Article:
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Bishops report on Napier flooding

Bishop of Tairāwhiti Archbishop Don Tamihere and Bishop of Waiapu Andrew Hedge have reported that Anglican parishes and institutions based in Napier have avoided major damage in the recent deluge and are now focused on supporting flood-affected families.

Julanne Clarke-Morris  |  12 Nov 2020

The two Anglican Bishops with oversight for churches and schools in the area where major flooding hit Napier City this week have reported that most Anglican parishes have experienced only minor leaks and no major damage has been found.

Napier City declared a civil defence emergency this week after its highest recorded rainfall in a 24 hour period for 57 years, as 242.4mm of rain fell over the day and night of Monday 9 November.

Archbishop Don Tamihere reported that apart from disruption to a handful of day students, both Te Aute College and Hukarere College staff and students are safe from the impact of the flooding and able to carry on as usual.

Some parishioners in Te Pīhopatanga o Te Tairāwhiti have reported water damage to homes and properties, but none have suffered the slips or major damage that some Napier South and Taradale residents have experienced. Apart from managing with power cuts and waste water restrictions Tairāwhiti Anglicans are doing well.

“I think our people have been pretty blessed comparatively. A lot of others have been significantly affected and our aroha is very much with them at this time.” said Archbishop Don.

Bishop Andrew Hedge reported that most Anglican churches and vicarages and Waiapu Diocesan buildings in Napier have sustained only minor damage due to water leakage.

The Waiapu Cathedral of St John has sustained some water damage due to leaks and blocked downpipes, said Bishop Andrew, but nothing requiring more than a thorough clean out, including drying a sizeable area of carpet and wooden floor soaked by the water leaking in during this week’s downpours.

Bishop Andrew was quick to point out the Cathedral flooding is of little consequence compared to the damage to local people’s homes in parts of Napier South and Taradale.

He is in a good position to tell the difference, because this week as the rain and floods hit their peak, Bishop Andrew was spending his minister’s Monday night off on duty as an Ambulance Officer in Napier with St John’ Ambulance.

Bishop Andrew says ambulance crews working across Hawke’s Bay (Napier, Hastings and Waipukurau) had to carry on normal duties and responses through the night in very difficult circumstances.

“Navigating around Napier’s streets to reach patients throughout the night was complicated by the road closures and deep flooding on the roads that made it very difficult to access addresses by ambulance.”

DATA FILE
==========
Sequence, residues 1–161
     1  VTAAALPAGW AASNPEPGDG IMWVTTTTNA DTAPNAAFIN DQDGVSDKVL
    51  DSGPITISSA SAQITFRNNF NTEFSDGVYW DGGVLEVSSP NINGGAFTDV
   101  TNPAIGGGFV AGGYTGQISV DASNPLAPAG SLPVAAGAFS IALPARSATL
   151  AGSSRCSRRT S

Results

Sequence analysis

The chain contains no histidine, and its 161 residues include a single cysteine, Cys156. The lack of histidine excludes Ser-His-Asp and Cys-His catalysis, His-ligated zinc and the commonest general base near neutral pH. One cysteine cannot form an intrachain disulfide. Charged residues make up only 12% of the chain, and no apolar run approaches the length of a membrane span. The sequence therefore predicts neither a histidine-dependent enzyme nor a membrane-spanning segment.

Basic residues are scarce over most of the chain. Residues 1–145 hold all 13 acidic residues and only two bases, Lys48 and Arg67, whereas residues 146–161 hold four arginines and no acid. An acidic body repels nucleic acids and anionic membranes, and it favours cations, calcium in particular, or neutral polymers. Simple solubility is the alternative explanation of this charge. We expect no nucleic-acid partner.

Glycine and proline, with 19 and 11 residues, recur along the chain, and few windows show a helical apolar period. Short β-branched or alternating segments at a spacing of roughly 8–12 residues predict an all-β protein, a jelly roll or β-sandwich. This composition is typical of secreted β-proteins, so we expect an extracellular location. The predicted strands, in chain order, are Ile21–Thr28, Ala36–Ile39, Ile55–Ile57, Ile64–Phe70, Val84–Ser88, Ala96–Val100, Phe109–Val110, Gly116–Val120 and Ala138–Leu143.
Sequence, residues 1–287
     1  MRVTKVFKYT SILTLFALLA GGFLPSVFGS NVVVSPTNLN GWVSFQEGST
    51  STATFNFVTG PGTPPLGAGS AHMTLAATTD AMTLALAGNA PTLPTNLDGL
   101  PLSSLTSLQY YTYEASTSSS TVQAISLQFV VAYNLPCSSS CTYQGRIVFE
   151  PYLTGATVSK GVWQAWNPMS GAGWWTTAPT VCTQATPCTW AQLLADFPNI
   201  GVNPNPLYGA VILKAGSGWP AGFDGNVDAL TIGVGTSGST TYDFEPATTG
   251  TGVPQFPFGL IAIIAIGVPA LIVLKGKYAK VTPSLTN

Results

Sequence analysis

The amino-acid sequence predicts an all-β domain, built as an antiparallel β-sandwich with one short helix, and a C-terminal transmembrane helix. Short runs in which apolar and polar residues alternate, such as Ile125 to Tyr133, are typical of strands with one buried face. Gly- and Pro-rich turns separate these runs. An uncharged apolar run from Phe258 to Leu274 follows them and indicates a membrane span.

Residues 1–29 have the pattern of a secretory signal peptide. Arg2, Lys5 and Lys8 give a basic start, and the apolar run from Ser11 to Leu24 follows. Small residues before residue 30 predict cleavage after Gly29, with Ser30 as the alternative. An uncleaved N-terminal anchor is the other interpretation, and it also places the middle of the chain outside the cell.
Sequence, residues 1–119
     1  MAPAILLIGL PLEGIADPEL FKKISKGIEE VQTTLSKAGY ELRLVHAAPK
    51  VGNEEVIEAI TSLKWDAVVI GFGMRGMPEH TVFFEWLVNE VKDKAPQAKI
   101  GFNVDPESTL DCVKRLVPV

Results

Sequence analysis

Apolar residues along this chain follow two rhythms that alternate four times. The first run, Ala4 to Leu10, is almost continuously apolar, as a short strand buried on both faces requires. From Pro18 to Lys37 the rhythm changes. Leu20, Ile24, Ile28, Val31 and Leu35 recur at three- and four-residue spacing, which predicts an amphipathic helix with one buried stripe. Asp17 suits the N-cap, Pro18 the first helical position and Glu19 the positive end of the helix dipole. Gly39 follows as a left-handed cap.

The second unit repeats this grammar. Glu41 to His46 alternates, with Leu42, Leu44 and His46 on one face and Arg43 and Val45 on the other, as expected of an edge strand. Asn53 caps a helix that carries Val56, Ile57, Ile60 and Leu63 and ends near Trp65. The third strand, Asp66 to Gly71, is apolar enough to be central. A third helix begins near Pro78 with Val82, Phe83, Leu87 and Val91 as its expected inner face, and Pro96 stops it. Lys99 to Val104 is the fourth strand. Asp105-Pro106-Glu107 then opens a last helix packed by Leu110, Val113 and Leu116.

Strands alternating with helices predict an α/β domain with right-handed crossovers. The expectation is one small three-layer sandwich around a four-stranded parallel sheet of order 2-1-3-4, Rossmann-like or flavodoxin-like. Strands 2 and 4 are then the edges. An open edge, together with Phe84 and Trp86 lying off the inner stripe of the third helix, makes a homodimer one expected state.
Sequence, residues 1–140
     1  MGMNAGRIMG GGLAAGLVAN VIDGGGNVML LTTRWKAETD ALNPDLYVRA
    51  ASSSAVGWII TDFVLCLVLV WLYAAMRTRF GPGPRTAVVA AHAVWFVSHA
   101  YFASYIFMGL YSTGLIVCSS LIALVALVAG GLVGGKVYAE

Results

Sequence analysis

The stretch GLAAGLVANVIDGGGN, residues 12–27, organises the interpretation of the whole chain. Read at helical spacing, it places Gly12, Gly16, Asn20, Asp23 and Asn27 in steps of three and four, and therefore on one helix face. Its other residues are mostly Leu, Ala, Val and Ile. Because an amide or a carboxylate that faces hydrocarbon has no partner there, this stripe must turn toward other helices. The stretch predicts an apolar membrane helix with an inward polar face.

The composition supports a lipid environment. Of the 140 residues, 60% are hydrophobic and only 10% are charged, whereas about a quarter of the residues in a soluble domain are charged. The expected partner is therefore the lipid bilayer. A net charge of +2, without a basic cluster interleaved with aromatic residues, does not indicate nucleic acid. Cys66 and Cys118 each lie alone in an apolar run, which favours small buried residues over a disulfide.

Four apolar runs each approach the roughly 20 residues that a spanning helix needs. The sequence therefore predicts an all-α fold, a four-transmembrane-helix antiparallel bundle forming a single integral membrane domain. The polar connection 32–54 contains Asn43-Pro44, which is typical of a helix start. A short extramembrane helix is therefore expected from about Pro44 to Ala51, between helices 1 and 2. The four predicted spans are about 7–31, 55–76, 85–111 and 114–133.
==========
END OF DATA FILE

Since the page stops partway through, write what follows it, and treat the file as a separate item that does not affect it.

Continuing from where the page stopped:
“Often we needed to make several attempts to reach an address before finding a passable route.”

Bishop Andrew reported one ambulance crew was shifted into a 4x4 vehicle to get to patients in the hardest areas to reach, not only due to high waters, but because the streets became dangerous once littered with abandoned vehicles. Many drivers had left cars idle in flood waters once it was unsafe to continue, or when the vehicle had stopped working.

“On many occasions through the night we found ourselves wading knee deep through flood waters to reach patients to provide them medical care, reassurance and in some cases transport to safe accommodation.”

Bishop Andrew, who is also chaplain to the Order of St John, said the emergency services in Napier worked closely with each other throughout the night and especially with the team from Hawke’s Bay Civil Defence.

Priest Missioner in the parish of Napier South Rev Leo Te Kira reported minimum damage to church buildings, and echoed his Bishop’s concern for the most affected families in the worst affected suburbs of his parish.

“Only one hall amongst all of our churches has suffered minor leaks in the torrential rain, but we know that the downpour has left people from at least 35 households in this parish without homes to go back to.”

Bishop Andrew said reports coming through from parishioners in Taradale, Cathedral and Westshore show most people have not be badly affected, although there caution remains with homes that may still be prone to slips on Napier Hill and Bluff Hill.

“Our focus now is on supporting those who need our direct support through parish networks.” He said.

“We are all appreciative of the work and support that Napier City Council, Hawke’s Bay Civil Defence, FENZ, NZ Police, St John Ambulance and the NZ Defence Force are providing for our community at this difficult time.”